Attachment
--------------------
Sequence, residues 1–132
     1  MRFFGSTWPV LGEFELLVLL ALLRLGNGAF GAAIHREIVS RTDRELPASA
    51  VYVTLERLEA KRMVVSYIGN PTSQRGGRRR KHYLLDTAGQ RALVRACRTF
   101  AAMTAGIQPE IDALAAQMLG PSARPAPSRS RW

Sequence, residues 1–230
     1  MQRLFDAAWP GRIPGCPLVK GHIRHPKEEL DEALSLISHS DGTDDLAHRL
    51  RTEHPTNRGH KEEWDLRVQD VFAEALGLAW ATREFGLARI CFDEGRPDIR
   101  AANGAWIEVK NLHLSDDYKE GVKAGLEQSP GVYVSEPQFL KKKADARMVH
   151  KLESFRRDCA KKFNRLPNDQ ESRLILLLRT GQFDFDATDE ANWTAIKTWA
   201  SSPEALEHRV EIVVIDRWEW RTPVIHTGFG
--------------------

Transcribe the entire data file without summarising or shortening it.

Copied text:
Sequence, residues 1–132
     1  MRFFGSTWPV LGEFELLVLL ALLRLGNGAF GAAIHREIVS RTDRELPASA
    51  VYVTLERLEA KRMVVSYIGN PTSQRGGRRR KHYLLDTAGQ RALVRACRTF
   101  AAMTAGIQPE IDALAAQMLG PSARPAPSRS RW

Sequence, residues 1–230
     1  MQRLFDAAWP GRIPGCPLVK GHIRHPKEEL DEALSLISHS DGTDDLAHRL
    51  RTEHPTNRGH KEEWDLRVQD VFAEALGLAW ATREFGLARI CFDEGRPDIR
   101  AANGAWIEVK NLHLSDDYKE GVKAGLEQSP GVYVSEPQFL KKKADARMVH
   151  KLESFRRDCA KKFNRLPNDQ ESRLILLLRT GQFDFDATDE ANWTAIKTWA
   201  SSPEALEHRV EIVVIDRWEW RTPVIHTGFG